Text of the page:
Once inflation was stabilized, Greider said, “the economy still faced the same underlying problems it had encountered in the era of inflation – only they were now more severe.” Volcker’s departure came after President Ronald Reagan appointed governors to the Fed who voted down a Volcker proposal to raise rates.
Now, let’s look at another book, “Maestro,” written by the great Washington Post journalist Robert Woodward about Volcker’s successor, Alan Greenspan. It was published in 2000, just as the dot-come bubble was bursting, and told the story of Greenspan’s masterly handling of the economy. Describing the exceptionally strong economic conditions of 2000 as the “Greenspan dividend,” Woodward called his subject “the symbol of American economic preeminence.”
Greenspan’s reputation is different now. He is widely viewed as one of the chief culprits of the financial crisis, cutting rates whenever stock markets seemed to run into trouble, and thereby inflated an epochal credit bubble. This view of him may also pass, but the change in how he is viewed compared to when he left office a hero in 2005 is nothing short of staggering.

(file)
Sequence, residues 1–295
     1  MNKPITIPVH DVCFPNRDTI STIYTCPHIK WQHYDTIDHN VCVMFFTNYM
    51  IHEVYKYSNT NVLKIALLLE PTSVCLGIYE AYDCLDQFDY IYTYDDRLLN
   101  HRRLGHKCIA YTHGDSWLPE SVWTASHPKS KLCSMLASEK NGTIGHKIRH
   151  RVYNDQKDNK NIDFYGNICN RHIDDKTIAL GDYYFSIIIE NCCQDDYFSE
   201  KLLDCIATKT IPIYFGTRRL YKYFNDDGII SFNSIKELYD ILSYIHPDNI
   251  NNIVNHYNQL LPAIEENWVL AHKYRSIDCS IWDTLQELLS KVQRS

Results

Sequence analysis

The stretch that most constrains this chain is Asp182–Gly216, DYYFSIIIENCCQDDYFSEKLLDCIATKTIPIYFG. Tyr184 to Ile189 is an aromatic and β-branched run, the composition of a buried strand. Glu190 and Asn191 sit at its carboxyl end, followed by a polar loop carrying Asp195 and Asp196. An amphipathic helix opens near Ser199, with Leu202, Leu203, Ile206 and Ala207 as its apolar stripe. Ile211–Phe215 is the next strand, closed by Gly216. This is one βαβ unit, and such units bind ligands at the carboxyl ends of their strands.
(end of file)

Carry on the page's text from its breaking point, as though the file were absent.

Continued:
Woodward’s account of a conversation Greenspan had with President Bill Clinton before he was re-appointed Fed chairman is revealing.
“Mr President,” Greenspan replied, “I couldn’t have done it without what you did on deficit reduction. If you had not turned the fiscal situation around, we couldn’t have had the kind of monetary policy we’ve had.”